Schaefer, Dixon vow to oppose Governor on police training site

Public Works panelists still split over placement of project in Sykesville

April 18, 1999|By Mary Gail Hare | Mary Gail Hare,SUN STAFF

The battle to keep the entire $53 million Law Enforcement Training Center in Sykesville will continue at the state Board of Public Works, with Maryland's comptroller and treasurer vowing to oppose the governor.

Gov. Parris N. Glendening had repeatedly praised state-owned property in Sykesville as the ideal location for the center, but he scrapped the final phase of the project in January. A driver-training course has opened, and a shooting range is to open in August.

The governor said the project did not meet Smart Growth objectives to control sprawl and direct development to existing communities. He gave his staff 90 days to find another site for the academic phase of the project.

No other location for the classrooms, offices and dormitories has been identified. When one is chosen, it will need the approval of the three-member board to move forward.

"My support for Sykesville is as strong as ever," said Comptroller William Donald Schaefer. "I will try to block any effort to move the center. Sykesville is the right place."

Treasurer Richard N. Dixon agreed, saying, "I will not vote for money for any other location. The center should be completely built in Sykesville."

The board could be deadlocked for the remainder of the governor's term, Dixon said. Any vote will be 2-to-1 against a new location, Dixon and Schaefer said last week in telephone interviews with The Sun.

"I am not changing my mind and Schaefer is not changing his," Dixon said. "The governor cannot run again, but both of us can. I have waited 10 years to see this center built. I am not going to see it divided in two and built in a flawed manner."

Schaefer, who authorized the Sykesville location -- on 70 acres near Route 32 -- in 1989 when he was governor, said Glendening "wants the center any place but where it should be."

Most see the change in plans as political retribution for Carroll County, which has never supported Glendening. Its legislative delegation voted against Smart Growth in 1997.

"The governor is just mad at the people there [in Carroll County] for not voting for him," Schaefer said. "When I ran for governor, the Eastern Shore and Western Maryland never supported me. But I did more for those areas than any other governor.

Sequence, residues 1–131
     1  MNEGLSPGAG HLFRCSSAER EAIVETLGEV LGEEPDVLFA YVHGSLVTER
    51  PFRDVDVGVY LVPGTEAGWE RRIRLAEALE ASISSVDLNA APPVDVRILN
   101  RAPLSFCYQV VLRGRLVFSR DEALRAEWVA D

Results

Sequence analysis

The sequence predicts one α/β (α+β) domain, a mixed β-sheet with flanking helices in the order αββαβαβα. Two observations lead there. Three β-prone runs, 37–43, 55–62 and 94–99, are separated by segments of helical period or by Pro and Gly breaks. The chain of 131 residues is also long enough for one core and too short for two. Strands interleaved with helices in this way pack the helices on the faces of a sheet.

"You are governor to all the people, not just the ones who voted for you. His idea that it is `my way or you pay' is not right."

Splitting the center in two would be counterproductive and costly, Dixon said. In Sykesville, 800 acres is available, along with aging but usable hospital buildings.

"Dividing the center into two places is the very thing we never wanted to do," said Schaefer, who toured the Springfield site again two months ago. "Those are strong buildings, and they are in good shape."

The academic section was to be housed in restored buildings on the grounds of Springfield Hospital Center. The state has spent about $10 million on design and engineering. A $10 million driver training course opened in September, and a $5 million shooting range will be ready this summer.

"The state has already put a lot of money into the ground in Sykesville," said Dixon, a former Carroll legislator who has worked for the Sykesville site. "We need one central location. It would be costlier to build and operate in two different locations."

The General Assembly also opposed the governor's decision but ultimately removed language from the budget that said any funds it allocated must be spent in Sykesville. Officials said they feared the center would not be completed if the language remained.

"The budget language would have helped us, but it was always a side excursion to the main showdown at the Board of Public Works," said Del. Joseph M. Getty, a Manchester Republican. "The Board of Public Works must approve any funds for design and engineering or for land acquisition. Since Schaefer and Dixon agree with the Sykesville site, Glendening may have to compromise.

"The showdown will come this summer, when Glendening tries to spend money for a new site," said Getty.

Del. Carmen Amedori, a Westminster Republican and freshman legislator, characterized the governor's decision as "controlled growth, not smart growth."

"The governor has gone to great extremes to get the center moved, but the General Assembly is on the side of the Carroll delegation," Amedori said.

Law enforcement agencies also favor Sykesville, Getty said.

"The Sheriff's Association visited Spring Grove as a possible alternative," said Getty. "They didn't like it."

Schaefer said Glendening's political ploy could delay the completion of the center.

"He won't be able to build it anywhere else for years," said Schaefer. "He will have to start all over again with planning and environmental issues. The whole thing will be delayed while he monkeys around."

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